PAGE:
Domicile is the place where a person has his home, with no present intention of removing, and to which he intends to return after going elsewhere for a longer or shorter time.

Residence has a more restricted meaning and may be the place where he lives while engaged in work or duty which keeps him away from his domicile.

In Michigan the terms are used as synonymous. Gluc v. Klein, 226 Mich. 175, 197 N. W. 691.”, Id. at 452.

A statutory exception exists to the ten-day county residency (jurisdictional) requirement set forth in Michigan Compiled Laws section 552.9. Section (2) of the statute provides the exception:

(2) A person may file a complaint for divorce in any county in the state without meeting the 10-day requirement set forth in subsection (1) if all of the following apply and are set forth in the complaint:

(a) The defendant was born in, or is a citizen of, a country other than the United States of America.

(b) The parties to the divorce action have a minor child or children.

(c) There is information that would allow the court to reasonably conclude that the minor children are at risk of being taken out of the United States of America and retained in another country by the defendant.

Notably, in Kar v. Nanda, 291 Mich. App. 284, 805 NW 24609 (2011) the Michigan Court of Appeals held that the residency requirement under MCL 552.9(1) does not require an intent to remain permanently and indefinitely. Id. at 294. Also see Funk v. Funk, unpublished opinion per curiam of the Court of Appeals, issued April 2, 2010 (Docket No. 319467).

The game mousetrap is a Rube Goldberg machine, a complicated device that performs simple tasks. In many ways, a discussion of the jurisdictional and residency requirements of a divorce is like navigating the game of mousetrap. Pointing to the power has never been so much fun.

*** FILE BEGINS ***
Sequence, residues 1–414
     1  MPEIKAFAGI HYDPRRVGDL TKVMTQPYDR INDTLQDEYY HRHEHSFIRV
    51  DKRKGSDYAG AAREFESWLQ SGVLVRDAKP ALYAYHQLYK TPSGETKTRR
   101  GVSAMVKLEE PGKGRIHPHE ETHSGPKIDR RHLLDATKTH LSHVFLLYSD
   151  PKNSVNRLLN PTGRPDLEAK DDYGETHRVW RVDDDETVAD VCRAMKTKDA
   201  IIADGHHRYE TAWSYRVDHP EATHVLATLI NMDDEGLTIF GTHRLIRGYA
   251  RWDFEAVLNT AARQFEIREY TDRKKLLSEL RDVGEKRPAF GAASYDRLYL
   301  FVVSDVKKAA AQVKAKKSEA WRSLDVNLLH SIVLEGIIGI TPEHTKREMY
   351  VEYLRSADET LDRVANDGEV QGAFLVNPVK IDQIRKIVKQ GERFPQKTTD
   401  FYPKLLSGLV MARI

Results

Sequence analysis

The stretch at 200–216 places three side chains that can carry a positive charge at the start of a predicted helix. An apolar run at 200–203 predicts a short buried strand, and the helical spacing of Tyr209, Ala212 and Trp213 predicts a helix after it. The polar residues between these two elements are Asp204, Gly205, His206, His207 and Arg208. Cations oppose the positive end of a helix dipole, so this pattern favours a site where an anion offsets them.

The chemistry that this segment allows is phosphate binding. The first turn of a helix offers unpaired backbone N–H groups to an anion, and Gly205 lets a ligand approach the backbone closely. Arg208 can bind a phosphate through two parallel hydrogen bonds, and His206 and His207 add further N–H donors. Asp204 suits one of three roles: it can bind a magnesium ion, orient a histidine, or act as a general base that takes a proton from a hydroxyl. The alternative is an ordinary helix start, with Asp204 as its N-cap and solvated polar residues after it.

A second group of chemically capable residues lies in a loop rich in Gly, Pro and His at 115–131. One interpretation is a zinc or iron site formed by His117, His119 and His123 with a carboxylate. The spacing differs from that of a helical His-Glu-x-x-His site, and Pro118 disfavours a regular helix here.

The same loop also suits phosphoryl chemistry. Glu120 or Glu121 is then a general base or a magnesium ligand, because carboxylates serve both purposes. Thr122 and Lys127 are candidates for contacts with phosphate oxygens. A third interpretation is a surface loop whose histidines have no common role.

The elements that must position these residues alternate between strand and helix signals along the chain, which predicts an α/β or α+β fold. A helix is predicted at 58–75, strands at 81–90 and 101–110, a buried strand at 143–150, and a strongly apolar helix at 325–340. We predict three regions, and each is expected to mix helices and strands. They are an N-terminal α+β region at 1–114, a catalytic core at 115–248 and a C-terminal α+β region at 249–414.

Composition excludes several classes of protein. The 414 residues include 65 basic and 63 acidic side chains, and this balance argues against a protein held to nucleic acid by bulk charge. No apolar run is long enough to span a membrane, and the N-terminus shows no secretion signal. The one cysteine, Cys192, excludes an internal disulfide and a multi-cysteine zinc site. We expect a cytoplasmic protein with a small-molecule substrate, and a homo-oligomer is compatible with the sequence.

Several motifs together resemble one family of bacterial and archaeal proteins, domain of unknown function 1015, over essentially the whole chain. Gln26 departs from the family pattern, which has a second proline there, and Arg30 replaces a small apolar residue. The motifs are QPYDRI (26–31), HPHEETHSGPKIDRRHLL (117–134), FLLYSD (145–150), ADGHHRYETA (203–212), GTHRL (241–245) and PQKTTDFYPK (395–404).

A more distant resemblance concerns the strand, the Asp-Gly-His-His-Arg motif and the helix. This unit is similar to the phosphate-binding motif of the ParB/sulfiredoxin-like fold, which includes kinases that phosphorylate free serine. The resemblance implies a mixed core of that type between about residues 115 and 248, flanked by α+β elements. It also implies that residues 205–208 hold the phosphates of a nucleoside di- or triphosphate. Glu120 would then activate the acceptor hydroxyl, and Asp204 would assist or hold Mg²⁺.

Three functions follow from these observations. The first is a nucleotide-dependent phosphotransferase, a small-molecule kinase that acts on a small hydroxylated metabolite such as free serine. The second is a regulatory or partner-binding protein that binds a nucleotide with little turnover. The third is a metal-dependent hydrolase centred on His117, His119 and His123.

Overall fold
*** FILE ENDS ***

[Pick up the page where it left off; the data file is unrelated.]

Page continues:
About the Author

Daniel Findling is a divorce and family law attorney in practice for over 20 years and managing director of Findling Law, PLC, a divorce law _rm with attorneys who share the core value of practicing law to help people navigate change in their life without compromising principles. Daniel is a proud father of three, private pilot, prolific blogger and lecturer. A 1971 graduate of Shaarey Zedek Beth Hayeld very good student award, a 1993 graduate of Wayne State University Bachelor of Public A_airs, magna cum laude and a 1997 graduate of Wayne State University Juris Doctor, cum laude. A member of Pi Sigma Alpha – National Political Science Honors Society, recipient of the Bronze Key Certi_cate – Wayne State University Law School, a DBusiness Top Lawyer, Super Lawyer, Crains Detroit Business Top Lawyer, Hour Detroit Top Lawyer and Avvo Top Divorce Attorney.

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I have been exclusively practicing divorce and family law in Michigan for over two decades.  The attorneys at Findling Law all share the core value of practicing law to help people navigate change in their lives, without compromising principles.  We specialize in high socio-economic, high-profile and high-conflict cases, while also working with clients of all backgrounds. We recognize that the most important aspect of the practice of law is the application of the law to your specific circumstances.

That is why we provide more free information on divorce and family law than any other Michigan law firm. We want to help you manage your situation. Allow our exceptional legal team to help you navigate the change in your life, without compromising principles.

We want to help you manage your situation. Let our exceptional legal team help you . . .

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Or email me at:   Daniel@Findlinglaw.com

By:  Daniel Findling